Getting Started with Email Marketing (2020) | Email Marketing Guide
Now that you’ve decided on your goals, built a bit of an audience and selected the type of campaign you’re going to send, it’s time to start building your email.
Email tools like Campaign Monitor make it incredibly easy to create beautiful email marketing campaigns, but there are some fundamentals that you should know to make sure you get the best results from each campaign.
Check out our drag-and-drop email builder and easy photo editing guide.
Structure your campaign for easy reading
Research shows that an adult’s attention span is, on average, eight seconds. With such a short attention span, you can assume people aren’t closely reading your campaigns word for word and are instead scanning through them looking for something of interest.
Therefore, writing long, text-heavy email campaigns isn’t the best approach. You need to structure your emails to help draw people into reading your content while guiding them toward the email’s call to action.
An effective way to do this is by using the inverted pyramid model:
As you can see from the example above, emails following the model contain a succinct headline that highlights the key message of the campaign, as well as supporting information and visuals to help convince readers about the benefits of clicking-through. The reader is then presented with a prominent call to action button that makes it crystal clear what to do next.
By using the inverted pyramid model to structure your emails for easy reading, you’ll help ensure your campaigns grab people’s attention and get a high click-through rate.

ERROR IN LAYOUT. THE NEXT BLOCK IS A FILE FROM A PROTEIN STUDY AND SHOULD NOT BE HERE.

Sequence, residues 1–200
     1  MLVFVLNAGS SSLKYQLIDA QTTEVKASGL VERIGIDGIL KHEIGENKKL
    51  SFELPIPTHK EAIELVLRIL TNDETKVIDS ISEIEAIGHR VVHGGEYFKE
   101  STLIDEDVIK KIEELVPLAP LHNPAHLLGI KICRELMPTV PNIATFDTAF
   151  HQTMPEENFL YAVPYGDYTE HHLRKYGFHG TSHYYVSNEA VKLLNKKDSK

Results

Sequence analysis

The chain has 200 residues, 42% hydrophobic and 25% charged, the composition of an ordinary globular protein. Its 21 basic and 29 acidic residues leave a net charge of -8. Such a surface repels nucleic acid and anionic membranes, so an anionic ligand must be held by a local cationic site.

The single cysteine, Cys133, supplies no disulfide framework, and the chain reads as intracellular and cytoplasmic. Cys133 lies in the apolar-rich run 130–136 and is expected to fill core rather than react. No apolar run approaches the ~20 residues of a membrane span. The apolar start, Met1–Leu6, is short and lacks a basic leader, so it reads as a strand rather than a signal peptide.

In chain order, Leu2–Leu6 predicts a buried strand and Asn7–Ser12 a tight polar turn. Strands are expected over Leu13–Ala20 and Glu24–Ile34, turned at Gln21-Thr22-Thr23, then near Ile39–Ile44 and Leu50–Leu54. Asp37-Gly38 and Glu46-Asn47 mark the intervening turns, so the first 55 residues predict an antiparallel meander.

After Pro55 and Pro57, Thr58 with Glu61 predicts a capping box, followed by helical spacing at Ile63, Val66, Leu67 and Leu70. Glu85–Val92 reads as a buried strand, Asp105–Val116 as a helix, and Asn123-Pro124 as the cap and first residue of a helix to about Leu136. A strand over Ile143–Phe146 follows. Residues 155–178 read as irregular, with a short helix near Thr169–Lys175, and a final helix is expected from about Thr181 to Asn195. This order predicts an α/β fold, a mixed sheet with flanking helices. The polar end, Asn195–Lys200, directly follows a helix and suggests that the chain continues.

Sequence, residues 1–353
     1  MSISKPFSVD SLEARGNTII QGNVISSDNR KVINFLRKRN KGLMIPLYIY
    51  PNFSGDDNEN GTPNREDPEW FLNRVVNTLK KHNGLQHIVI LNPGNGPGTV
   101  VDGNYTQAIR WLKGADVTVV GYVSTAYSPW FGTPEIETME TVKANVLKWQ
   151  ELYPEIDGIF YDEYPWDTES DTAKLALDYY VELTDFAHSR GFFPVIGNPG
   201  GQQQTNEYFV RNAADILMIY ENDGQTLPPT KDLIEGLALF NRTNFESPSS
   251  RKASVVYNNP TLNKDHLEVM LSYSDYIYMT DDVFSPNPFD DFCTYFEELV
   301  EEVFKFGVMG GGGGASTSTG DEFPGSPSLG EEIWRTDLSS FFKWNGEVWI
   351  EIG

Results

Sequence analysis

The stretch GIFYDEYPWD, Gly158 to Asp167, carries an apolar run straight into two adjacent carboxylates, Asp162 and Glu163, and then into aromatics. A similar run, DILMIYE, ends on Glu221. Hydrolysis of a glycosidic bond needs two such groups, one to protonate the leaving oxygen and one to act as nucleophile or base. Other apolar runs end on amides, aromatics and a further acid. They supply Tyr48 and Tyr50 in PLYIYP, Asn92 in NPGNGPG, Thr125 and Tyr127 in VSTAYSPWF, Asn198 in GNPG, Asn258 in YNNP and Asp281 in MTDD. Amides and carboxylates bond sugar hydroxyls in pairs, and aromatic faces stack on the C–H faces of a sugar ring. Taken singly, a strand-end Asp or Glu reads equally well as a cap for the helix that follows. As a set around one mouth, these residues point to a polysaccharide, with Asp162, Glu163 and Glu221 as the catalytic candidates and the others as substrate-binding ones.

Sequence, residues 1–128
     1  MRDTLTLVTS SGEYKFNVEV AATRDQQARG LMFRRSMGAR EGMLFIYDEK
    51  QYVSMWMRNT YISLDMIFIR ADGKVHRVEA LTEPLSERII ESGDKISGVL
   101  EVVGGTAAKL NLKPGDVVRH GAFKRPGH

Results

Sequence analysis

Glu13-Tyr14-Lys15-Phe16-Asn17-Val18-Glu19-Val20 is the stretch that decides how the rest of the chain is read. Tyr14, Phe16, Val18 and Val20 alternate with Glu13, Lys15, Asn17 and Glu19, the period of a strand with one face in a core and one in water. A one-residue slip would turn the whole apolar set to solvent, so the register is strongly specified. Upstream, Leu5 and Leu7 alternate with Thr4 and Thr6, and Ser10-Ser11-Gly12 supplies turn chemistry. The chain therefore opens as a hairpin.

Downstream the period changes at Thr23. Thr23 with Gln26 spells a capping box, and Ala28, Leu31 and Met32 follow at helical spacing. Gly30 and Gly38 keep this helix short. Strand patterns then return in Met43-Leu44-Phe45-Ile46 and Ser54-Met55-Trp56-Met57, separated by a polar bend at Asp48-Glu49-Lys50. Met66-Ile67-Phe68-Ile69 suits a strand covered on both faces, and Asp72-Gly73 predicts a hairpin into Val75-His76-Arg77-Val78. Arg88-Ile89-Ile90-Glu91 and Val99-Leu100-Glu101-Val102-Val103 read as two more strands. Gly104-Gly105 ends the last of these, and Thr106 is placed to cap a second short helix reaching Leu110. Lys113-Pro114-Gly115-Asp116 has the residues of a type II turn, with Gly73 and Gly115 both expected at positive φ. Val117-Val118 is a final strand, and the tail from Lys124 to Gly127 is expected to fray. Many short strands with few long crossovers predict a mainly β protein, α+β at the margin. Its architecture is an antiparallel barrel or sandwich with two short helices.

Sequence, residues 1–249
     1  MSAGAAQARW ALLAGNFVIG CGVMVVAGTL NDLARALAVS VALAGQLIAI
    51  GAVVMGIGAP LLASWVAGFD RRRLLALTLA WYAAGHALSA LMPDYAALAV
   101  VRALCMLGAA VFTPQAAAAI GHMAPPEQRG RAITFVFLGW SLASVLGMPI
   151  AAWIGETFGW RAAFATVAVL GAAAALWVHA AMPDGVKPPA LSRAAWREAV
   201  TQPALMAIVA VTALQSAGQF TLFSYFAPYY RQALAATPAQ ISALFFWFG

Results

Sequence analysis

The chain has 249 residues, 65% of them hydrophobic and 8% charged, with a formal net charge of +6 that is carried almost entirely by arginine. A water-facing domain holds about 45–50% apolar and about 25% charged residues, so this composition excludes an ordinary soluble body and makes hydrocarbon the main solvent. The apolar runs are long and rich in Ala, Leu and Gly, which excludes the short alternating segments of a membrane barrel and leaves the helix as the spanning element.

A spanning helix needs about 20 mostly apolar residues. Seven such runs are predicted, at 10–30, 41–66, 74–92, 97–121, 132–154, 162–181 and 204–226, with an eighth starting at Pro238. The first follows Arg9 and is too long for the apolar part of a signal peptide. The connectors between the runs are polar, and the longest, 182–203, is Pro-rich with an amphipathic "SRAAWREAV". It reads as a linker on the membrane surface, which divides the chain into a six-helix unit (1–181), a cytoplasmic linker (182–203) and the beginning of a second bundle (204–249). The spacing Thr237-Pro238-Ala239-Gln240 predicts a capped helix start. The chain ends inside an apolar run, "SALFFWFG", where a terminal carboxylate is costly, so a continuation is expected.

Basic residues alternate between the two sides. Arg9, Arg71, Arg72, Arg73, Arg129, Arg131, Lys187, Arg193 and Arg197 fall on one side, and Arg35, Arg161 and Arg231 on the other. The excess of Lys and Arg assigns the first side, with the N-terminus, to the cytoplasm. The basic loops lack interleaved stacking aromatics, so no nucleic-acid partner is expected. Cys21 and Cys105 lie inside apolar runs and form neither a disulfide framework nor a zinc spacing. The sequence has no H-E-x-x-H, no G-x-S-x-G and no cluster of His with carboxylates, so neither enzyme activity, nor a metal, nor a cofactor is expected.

Use Images and Visuals to Boost Engagement
In the above pyramid model example, the bulk of the email is visual with minimal text. Ideally, you want to avoid walls or blocks of text. This is because visuals – both video and images – are more eye-catching.
They’re also more memorable and help content stand out.
In fact, studies have shown that people can recall as much as 65% of visual content up to three days later compared to just 10% of text-based content.
People also follow visual instructions 32% better than written instructions, so it’s a good idea to use visuals when directing your readers to take a desired action.
Personalize Your Email Campaigns
When we surveyed marketers, we found that improving email personalization was the number one goal for 38% of marketers and was also the number one challenge for 36% of marketers. Marketing automation, segmented lists, and third party integrations make email personalization easier and more effective.
Your readers are most likely to respond to content that is most relevant to their interests. Start by adding their name in the subject line, then customize campaign content based on list segments to maximize engagement (more on that next).
Ensure your campaign is relevant to every subscriber
Even in the early stages of growing your email list, it’s a good idea to categorize subscribers into different list segments. List segments make it easy to choose what type of content to send to which subscriber. When you can personalize content and make it more relevant to a certain group you improve response rates.
This kind of targeted optimization is much better than sending blanket emails to everyone.
Why does email list segmentation matter? We know that beyond relevancy, list segmentation is important from a revenue perspective. Data from the DMA indicates that segmented and targeted emails generate 58% of all email revenue. On top of this, our research found that marketers who used segmented campaigns noted as much as a 76% increase in revenue–and more than 76% of marketers say basic segmentation is part of their email marketing strategy.
Here are some common email list segments you can create to increase click-throughs in your campaigns and plan more targeted content based on those segments: